The death of a teenager due to a drunk driving crash left one North Carolina family devastated – and seeking justice. They sought to do so through North Carolina’s Social Host Liability law.
State courts recognize under general negligence principles of common law, a social host may be liable for injuries caused by intoxicated guests. This was established in the 1992 North Carolina Supreme Court decision in Hart v. Ivey. Although Hart concerned injuries caused by intoxicated minors, the court’s language indicates liability could also result from injuries caused by intoxicated adult guests.
(Dram shop laws may also result in liability for establishments that provide alcohol, though circumstances are limited and damages capped at $500,000.) The law specifically holds licensees are not liable for injuries sustained by a voluntarily intoxicated person.
Our Greensboro drunk driving accident lawyers know these cases must be carefully considered prior to filing.
In the recent case of Mohr v. Matthews, plaintiffs filed a wrongful death lawsuit based on the theory of social host liability held by defendants.
According to court records, decedent was 19-years-old when he attended a cookout at the home of his paternal grandparents, an event both his father and stepmother also attended. Plaintiffs assert the minor’s grandparents (defendants) provided their son with liquor and beer throughout the evening, beginning at around 7 p.m. The teen continued to consume alcohol until he was visibly intoxicated. Plaintiffs allege defendants continued to encourage the teen to continue drinking, even seeing his noticeably increasing intoxication level.
Prior to this occasion, it was alleged defendants had provided the teen with alcohol at numerous other social gatherings at their home – despite the fact he was underage. Defendants were also reportedly aware the teen frequently drove after consuming alcohol at their home, particularly when he was angry or agitated.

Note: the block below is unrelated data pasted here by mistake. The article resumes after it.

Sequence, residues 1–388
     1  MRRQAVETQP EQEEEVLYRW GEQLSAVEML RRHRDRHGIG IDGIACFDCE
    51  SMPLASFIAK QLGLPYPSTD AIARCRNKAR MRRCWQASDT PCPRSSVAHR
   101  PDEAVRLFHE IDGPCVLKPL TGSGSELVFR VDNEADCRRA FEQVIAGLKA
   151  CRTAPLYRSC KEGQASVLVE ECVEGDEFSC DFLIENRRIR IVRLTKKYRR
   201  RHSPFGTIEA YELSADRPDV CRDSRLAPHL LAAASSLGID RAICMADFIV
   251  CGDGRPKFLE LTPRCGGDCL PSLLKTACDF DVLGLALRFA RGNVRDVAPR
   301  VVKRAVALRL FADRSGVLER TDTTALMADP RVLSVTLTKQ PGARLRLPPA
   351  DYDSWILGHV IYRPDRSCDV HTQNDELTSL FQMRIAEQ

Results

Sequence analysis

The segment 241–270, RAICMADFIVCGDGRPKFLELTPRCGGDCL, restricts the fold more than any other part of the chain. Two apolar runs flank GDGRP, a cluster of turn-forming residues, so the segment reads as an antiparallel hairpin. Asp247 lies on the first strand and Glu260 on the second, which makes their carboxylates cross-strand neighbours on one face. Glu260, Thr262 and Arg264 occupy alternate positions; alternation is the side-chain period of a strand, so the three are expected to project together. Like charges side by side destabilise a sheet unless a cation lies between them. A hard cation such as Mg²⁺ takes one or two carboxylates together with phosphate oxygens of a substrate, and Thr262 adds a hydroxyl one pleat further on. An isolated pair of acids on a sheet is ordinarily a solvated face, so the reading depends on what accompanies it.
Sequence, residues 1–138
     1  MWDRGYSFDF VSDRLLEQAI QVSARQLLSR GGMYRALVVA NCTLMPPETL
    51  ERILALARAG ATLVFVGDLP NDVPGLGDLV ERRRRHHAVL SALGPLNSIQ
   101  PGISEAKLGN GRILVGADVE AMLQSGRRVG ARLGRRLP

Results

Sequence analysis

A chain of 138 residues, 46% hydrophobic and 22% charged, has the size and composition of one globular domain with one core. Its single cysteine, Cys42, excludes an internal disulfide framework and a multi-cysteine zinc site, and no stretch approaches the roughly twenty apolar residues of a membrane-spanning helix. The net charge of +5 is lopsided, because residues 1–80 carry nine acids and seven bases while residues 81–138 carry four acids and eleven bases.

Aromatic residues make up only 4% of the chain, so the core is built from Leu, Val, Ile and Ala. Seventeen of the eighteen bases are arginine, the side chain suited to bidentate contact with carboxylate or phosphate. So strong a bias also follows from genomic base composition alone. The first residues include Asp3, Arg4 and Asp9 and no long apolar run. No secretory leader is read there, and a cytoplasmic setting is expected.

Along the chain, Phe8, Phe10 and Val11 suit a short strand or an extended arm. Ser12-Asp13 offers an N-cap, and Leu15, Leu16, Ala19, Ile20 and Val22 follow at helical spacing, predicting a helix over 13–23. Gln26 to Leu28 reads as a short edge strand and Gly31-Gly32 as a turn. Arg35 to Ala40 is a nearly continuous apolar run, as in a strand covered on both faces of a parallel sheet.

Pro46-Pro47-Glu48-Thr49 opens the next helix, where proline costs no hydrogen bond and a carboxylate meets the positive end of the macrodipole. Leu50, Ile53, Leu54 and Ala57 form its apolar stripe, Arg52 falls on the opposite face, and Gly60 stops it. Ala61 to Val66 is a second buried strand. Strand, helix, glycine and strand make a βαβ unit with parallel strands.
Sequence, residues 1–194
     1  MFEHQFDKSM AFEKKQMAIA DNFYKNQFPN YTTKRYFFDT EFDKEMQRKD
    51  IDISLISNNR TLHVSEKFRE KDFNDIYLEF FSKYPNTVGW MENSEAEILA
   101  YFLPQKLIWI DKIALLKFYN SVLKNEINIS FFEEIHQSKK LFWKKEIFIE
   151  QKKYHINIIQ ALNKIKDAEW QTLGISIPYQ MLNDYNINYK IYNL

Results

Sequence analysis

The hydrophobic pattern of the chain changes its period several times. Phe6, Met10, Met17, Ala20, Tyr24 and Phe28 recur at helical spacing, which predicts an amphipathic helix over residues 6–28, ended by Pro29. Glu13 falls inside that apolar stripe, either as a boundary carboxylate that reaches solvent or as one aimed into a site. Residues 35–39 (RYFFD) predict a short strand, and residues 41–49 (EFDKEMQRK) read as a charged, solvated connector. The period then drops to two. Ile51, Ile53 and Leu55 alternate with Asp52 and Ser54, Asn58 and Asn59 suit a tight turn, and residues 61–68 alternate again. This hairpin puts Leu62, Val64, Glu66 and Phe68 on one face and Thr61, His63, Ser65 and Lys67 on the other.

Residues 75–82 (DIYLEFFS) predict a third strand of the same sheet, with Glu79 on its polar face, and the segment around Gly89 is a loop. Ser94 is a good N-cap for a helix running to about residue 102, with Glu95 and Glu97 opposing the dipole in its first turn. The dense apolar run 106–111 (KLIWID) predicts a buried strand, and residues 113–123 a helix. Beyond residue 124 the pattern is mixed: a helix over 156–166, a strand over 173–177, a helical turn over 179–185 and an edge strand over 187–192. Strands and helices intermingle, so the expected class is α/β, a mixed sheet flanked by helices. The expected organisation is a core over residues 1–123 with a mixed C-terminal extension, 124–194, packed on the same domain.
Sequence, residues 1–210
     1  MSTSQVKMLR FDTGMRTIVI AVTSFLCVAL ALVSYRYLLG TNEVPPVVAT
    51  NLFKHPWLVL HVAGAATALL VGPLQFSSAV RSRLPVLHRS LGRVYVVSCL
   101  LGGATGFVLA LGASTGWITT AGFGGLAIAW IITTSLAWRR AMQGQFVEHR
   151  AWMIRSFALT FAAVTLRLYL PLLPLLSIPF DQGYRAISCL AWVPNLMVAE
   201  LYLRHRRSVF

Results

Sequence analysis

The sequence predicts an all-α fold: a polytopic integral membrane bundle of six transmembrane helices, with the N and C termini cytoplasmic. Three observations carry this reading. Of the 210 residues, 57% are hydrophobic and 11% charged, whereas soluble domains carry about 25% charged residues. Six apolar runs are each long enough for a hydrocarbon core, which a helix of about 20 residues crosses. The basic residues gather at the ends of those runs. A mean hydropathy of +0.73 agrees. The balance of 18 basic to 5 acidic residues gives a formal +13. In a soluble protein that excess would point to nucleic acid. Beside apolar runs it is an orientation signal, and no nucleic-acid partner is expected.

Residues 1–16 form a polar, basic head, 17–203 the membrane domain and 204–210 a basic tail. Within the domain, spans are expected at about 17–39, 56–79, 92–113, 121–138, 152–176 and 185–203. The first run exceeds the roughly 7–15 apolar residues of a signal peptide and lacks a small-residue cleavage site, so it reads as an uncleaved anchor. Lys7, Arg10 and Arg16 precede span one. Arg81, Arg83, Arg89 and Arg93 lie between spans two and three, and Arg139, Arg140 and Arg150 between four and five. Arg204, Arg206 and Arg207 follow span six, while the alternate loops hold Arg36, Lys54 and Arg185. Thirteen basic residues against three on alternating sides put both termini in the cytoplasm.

On the evening in question, decedent and his father argued about whether his father would provide money for college. At no point in the evening did anyone tell the teen not to drive or try to take away his keys.
After defendants went to bed, the teen got into his car, apparently determined to drive home, crashed into a tree and his vehicle caught fire. He died at the scene. His blood-alcohol level was reported to be 0.17 percent at the time of the crash – more than twice the legal limit for an adult.
Plaintiffs sued defendants alleging negligence proximately causing the teen’s death. Trial court granted a defense motion to dismiss, and plaintiff appealed. Plaintiff argued he pled a proper cause of action for negligence under a common law theory of social host liability. Specifically, he asserted defendants:
- Served alcohol to a person
- Knowing or having the means to know the person was intoxicated
- When it was known the person would later be driving
However, trial court affirmed on grounds of contributory negligence. That is, decedent’s own actions deviated from an objective standard of behavior that would indicate the care an ordinarily prudent person would exercise under the same or similar circumstances to avoid injury.
In North Carolina, claims can be dismissed on grounds of contributory negligence when the facts show negligence by plaintiff (or decedent) proximately contributed to his injury so clearly no other conclusion can reasonably be drawn.
Plaintiff argued defendants owed decedent a heightened duty of care because they had a special relationship that bound them to act with a greater degree of caution. While the court held that may have been the case if decedent had been a minor, he was over 18 at the time of the incident, and thus was not under the legal control of his parents or grandparents.
While many family gatherings will be held in North Carolina this holiday season, we would encourage all social hosts to act responsibly by ensuring minors and those visibly intoxicated are not served alcohol – particularly when there is knowledge they may later get behind the wheel of a vehicle.
Contact the Carolina injury lawyers at the Lee Law Offices by calling 800-887-1965.
Mohr v. Matthews, Dec. 2, 2014, North Carolina Court of Appeals
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Graciano v. Mercury General Corp. – Elements of Bad Faith Insurance Claim, Nov. 29, 2014, Greensboro Car Accident Lawyer Blog